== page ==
Sam Wednesday’s the day off, so we have a big night out on Tuesday. And we normally have a big night out Wednesday, as well.
Oli And Monday. I’d say the most regular nights are Monday, Saturday, Wednesday, Tuesday.
Sam And Thursday. We don’t get a lot of sleep. I’d say on average, we get about four hours a night. That’s a good night, four hours. I’ve never had such a long period in my life with so little sleep. At uni, you sleep all day, you sleep all the time. But here, you do just as much partying if not more, stay out later…
Oli … but you don’t have the option to not work.
Sam You have to be up at seven. It’s character-building, it’s good experience to just have to be up.
Oli Skiing in the afternoon really helps. It’s the best way to wake up.
Sam It’s just getting out there, though. When you’re here, and you’re knackered, and you go into your room, and you lie down on your bed, you just want to sleep.
Oli The room downstairs is a bit like a dungeon. Once you’re in there, and there’s no natural light, it’s so easy to just forget that it’s nice and sunny outside, just lose all motivation and go back to bed.
Sam One of us is usually more motivated than the others, so they encourage them along.
Oli It’s strange how much time we must have spent together, as a group. We work together, go out together, we share a bedroom – there’s three of us in the room – almost no time apart. We’re very lucky to not get on each other’s nerves.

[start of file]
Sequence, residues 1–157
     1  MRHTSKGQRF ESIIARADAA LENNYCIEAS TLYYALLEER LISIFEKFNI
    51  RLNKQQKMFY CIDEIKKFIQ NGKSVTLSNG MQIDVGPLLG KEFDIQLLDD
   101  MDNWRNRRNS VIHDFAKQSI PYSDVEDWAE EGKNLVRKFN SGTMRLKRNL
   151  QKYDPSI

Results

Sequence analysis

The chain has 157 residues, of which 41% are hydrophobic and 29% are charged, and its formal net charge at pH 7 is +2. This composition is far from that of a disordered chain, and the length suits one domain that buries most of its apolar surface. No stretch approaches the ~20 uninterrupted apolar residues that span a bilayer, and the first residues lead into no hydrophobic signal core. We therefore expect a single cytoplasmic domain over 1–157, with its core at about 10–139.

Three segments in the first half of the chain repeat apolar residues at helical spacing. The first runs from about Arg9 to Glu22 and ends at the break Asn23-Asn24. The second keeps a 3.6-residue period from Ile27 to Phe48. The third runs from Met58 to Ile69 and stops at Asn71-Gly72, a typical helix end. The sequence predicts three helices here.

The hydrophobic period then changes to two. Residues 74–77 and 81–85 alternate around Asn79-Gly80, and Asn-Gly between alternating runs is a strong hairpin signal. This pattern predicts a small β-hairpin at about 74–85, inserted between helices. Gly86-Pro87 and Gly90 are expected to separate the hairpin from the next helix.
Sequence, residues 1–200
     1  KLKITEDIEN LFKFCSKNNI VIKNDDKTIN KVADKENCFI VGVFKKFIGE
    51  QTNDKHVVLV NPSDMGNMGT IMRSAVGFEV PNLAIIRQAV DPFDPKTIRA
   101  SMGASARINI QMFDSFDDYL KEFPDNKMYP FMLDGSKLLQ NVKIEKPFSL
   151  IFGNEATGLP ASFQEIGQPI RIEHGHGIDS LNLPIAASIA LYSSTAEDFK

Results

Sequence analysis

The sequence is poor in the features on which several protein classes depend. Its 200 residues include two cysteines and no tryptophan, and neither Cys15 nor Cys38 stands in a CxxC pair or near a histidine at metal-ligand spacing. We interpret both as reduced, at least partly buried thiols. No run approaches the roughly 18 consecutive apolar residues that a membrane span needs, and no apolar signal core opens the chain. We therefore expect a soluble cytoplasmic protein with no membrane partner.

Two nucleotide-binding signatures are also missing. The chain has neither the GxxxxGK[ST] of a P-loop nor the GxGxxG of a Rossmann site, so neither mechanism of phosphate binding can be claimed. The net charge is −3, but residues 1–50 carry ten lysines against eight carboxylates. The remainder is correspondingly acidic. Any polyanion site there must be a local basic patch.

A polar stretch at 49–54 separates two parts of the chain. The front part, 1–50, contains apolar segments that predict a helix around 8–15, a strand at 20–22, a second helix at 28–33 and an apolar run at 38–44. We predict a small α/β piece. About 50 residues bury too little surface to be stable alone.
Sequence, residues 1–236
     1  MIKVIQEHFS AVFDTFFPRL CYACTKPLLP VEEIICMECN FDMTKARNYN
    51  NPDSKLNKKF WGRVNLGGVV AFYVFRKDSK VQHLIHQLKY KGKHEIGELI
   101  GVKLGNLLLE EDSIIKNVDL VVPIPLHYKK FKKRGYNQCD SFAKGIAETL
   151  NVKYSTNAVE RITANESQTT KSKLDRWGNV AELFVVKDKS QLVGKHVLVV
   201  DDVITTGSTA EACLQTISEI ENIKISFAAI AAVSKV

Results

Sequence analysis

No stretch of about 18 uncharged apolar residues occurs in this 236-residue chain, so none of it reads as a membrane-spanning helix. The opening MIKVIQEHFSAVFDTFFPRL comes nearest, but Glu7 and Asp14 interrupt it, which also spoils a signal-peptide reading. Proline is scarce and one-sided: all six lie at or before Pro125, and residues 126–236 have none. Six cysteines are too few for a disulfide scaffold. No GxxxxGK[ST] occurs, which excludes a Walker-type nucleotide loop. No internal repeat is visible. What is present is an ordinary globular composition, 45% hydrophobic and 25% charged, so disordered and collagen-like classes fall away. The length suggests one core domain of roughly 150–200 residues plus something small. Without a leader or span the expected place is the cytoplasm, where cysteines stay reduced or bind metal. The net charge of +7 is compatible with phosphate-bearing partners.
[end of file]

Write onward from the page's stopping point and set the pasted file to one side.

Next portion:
Sam So basically, we work lots, and don’t ever sleep!
Transfer day hell
Sam On Saturday we wake up at 4.30, the guests leave at 5.30, so we’ve got from then until 11, when the guests arrive, to completely turn the chalet around. We’ve got to get all the sheets changed, all the rooms hoovered, everything has to be immaculate, windows polished, hot tub cleaned, kitchen cleaned, dinner prepped…
Oli …and there needs to be afternoon tea for when they arrive.
Sam At the start of the season, we were doing 19 hours straight.
Oli Now we’re used to it, there’ll generally be a gap when we can have two hours off, from when the guests have arrived and settled in until we have to go back into the kitchen. But some weeks we have self-drives, and they arrive staggered throughout the day, so you’ve got to be ready the whole time. So it’s 19 hours non-stop.
On unusual client requests
Sam We had this one group that took the whole chalet. There were about three couples, and a little kid, and the rest were gay men. Really, really keen drinkers.
Oli They convinced us to serve topless one night. So we came out, serving the meal with our shirts off, and they went wild. It was funny – and we didn’t mind at all.
Sam They had brought speakers and put them in the lounge, and had clubbing tunes on the whole time. They were dancing on the tables, taking photos, us with our tops off…
Oli … and forcing so much drink down our necks.
Sam I was serving that night, every time I came out, someone would pour a quadruple vodka or glass of wine into my mouth. It was such a good night. Then we got the guitar out afterwards, and serenaded them, the two of us…
Oli … a formal concert in the lounge.
Sam But every evening they were in the lounge, just going wild. That week, we were like part of the group. We spent the whole week with them, we went out with them, we drank with them in the evenings. It was like having our friends staying.
- Sam and Oli are working as part of a team at Mont aux Sources, a 22-bed chalet run by Skiworld (08444 930 430; www.skiworld.ltd.uk).
- Further general travel information: the Switzerland Travel Centre (00800 100 200 30, www.MySwitzerland.com) and the Verbier tourist office (www.verbier.ch).
- Train tickets from the UK to major Swiss cities are available through Rail Europe (0844 848 4070; www.raileurope.co.uk); onward travel within Switzerland through the Swiss Federal Railways (www.sbb.ch)